What is a Chiasmus
Chiasmus is a rhetorical device where the second half of an expression is balanced against the first with the parts reversed, in order to make a larger point. This means that the second half of a clause or sentence is an inverted form of the first half both grammatically and logically. To understand chiasmus let us look at an example.
“Ask not what your country can do for you; ask what you can do for your country” – John F. Kennedy
The first part of the above sentence is grammatically and logically reversed in the second part by changing the positions of you and your country.
The same words do not have to be repeated in chiasmus. It is the meaning that has to be reversed. For example,
“But O, what damned minutes tells he o’er
Who dotes, yet doubts; suspects, yet strongly loves.”
Here “dotes” and “strongly loves” have similar meanings, and “doubts” and “suspects” have a similar meaning. Therefore, there is a reversal of meaning which results in chiasmus.
The use of the chiasmus dates back to the ancient Greek and Roman civilizations. This rhetoric device is specially used by orators to create a special artistic effect in order to emphasize their points. Its effectiveness is mainly due to its symmetrical structure. Chiasmus creates to sides of arguments or ideas for the readers or listeners to consider. It also leads the audience to favor one side.
Examples of Chiasmus
“Bad men live that they may eat and drink, whereas good men eat and drink that they may live.” – Socrates
“Mankind must put an end to war, or war will put an end to mankind.” – John F. Kennedy
“We don’t mistrust each other because we’re armed; we’re armed because we mistrust each other.” – Ronald Reagan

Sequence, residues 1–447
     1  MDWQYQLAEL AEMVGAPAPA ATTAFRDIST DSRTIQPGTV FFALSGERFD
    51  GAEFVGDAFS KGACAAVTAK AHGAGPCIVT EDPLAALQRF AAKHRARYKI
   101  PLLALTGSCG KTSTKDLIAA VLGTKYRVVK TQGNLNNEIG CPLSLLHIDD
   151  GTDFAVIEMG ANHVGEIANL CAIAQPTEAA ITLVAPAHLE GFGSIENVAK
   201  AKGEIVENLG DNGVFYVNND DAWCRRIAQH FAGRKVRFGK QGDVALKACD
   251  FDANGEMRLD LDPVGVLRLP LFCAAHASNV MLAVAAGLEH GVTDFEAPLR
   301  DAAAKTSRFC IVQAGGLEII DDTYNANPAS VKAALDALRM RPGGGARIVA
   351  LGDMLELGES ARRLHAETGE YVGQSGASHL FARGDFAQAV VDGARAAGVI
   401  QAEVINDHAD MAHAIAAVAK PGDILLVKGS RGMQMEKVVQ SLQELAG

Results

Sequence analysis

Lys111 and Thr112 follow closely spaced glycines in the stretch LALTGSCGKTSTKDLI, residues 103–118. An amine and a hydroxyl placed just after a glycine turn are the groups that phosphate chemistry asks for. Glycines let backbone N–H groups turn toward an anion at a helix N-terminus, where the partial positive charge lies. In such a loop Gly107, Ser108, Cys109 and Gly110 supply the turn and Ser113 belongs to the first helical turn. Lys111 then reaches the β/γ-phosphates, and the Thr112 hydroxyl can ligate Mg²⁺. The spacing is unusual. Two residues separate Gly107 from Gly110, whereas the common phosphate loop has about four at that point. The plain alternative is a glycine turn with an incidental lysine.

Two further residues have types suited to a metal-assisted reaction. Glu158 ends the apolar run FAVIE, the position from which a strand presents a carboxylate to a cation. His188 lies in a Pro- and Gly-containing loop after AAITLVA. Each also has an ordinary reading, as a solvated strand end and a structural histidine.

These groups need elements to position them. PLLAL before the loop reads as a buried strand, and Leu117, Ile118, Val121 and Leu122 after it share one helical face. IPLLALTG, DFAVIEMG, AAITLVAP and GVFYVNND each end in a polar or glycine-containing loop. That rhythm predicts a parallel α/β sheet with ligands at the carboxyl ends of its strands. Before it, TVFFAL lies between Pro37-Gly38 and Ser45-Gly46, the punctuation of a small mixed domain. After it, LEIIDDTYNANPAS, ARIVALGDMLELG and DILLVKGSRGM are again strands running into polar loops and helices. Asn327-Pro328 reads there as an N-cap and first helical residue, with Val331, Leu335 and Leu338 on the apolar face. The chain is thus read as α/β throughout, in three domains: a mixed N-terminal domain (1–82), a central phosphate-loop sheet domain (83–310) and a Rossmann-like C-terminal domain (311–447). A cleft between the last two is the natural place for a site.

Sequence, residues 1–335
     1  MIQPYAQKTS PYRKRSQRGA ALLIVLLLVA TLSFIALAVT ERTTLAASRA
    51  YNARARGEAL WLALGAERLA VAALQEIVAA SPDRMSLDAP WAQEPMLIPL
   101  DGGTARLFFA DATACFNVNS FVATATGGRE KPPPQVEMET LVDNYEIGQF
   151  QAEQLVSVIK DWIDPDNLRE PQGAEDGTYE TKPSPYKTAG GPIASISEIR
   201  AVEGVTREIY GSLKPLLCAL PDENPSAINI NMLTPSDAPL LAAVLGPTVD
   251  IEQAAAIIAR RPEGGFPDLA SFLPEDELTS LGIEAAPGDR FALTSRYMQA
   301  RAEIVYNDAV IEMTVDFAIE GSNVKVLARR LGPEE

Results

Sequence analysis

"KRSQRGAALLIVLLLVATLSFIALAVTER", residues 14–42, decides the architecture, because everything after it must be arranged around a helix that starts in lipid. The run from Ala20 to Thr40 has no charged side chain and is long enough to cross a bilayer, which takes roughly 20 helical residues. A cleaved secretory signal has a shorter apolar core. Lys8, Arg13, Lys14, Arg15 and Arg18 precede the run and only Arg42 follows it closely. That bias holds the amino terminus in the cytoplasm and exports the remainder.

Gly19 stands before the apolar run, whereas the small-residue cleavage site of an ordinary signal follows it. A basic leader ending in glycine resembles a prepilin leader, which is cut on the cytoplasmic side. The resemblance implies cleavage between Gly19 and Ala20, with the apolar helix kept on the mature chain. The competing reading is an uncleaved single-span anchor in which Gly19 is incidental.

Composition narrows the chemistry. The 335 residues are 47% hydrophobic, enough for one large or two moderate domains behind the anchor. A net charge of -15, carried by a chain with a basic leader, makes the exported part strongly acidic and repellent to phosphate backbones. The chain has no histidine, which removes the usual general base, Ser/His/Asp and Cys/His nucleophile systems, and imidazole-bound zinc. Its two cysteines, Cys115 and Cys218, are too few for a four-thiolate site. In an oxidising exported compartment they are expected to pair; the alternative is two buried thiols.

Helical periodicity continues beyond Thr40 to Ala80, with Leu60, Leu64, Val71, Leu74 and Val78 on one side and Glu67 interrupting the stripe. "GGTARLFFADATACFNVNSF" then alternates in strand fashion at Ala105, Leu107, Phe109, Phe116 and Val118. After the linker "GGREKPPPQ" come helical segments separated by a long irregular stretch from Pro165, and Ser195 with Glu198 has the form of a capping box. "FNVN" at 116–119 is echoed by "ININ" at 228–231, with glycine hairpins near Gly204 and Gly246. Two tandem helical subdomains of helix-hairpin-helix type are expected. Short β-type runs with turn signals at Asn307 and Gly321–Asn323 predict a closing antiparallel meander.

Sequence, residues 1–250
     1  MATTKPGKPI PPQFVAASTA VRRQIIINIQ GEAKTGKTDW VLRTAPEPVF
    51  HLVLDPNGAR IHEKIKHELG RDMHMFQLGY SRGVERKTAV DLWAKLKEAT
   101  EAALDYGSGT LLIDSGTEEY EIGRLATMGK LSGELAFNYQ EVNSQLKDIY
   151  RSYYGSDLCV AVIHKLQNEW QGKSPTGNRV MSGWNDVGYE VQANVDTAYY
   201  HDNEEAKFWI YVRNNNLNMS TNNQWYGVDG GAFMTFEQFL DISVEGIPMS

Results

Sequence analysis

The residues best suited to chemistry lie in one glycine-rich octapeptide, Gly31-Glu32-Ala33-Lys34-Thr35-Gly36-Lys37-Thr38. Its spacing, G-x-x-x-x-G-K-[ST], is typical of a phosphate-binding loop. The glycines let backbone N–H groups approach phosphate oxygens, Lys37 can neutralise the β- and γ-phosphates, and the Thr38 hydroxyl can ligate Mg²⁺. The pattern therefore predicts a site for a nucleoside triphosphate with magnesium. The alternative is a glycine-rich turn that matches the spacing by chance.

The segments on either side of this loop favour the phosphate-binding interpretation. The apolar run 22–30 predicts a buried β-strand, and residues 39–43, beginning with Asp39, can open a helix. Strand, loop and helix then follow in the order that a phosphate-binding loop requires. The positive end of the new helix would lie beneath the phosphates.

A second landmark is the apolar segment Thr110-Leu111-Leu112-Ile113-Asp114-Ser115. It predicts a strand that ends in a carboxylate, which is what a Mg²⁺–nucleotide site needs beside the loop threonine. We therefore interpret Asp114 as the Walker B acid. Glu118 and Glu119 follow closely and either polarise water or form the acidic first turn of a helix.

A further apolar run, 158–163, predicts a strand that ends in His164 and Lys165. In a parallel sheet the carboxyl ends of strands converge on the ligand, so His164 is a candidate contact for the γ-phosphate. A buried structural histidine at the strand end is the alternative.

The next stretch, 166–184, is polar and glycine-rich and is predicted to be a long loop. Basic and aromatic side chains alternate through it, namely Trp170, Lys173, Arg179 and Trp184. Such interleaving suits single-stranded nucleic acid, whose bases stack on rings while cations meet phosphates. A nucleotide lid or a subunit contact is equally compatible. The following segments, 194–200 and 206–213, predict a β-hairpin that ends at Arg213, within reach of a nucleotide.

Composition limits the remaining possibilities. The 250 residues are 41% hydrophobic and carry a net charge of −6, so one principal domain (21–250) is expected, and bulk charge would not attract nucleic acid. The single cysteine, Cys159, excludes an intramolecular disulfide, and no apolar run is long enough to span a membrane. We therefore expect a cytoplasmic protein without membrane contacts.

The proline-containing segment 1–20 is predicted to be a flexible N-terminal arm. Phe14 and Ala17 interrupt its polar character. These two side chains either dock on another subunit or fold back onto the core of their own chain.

“People the world over have always been more impressed by the power of our example than by the example of our power.” – Bill Clinton
“For whoever exalts himself will be humbled, and whoever humbles himself will be exalted.” – Matthew 23:12 …
You can take the boy out of the country, but you can’t take the country out of the boy.
Quitters never win and winners never quit.
Examples of Chiasmus in Literature
Shakespeare used the rhetorical device of chiasmus in many of his plays. Given below are some examples from Shakespearean plays.
I wasted time,
and now time doth waste me.
“Suit the action to the word, the word to the action.”
“For ’tis a question left us yet to prove, whether love lead to fortune, or else fortune love.”
“Foul is fair and fair is foul.”
“The instinct of a man is
to pursue everything that flies from him, and
to fly from all that pursues him.” – Voltaire
“When religion was strong and science weak, men
mistook magic for medicine;
Now, when science is strong and religion weak, men
mistake medicine for magic.”- Thomas Szaz
All for one, and one for all. – Alexandre Dumas (the motto of the three musketeers)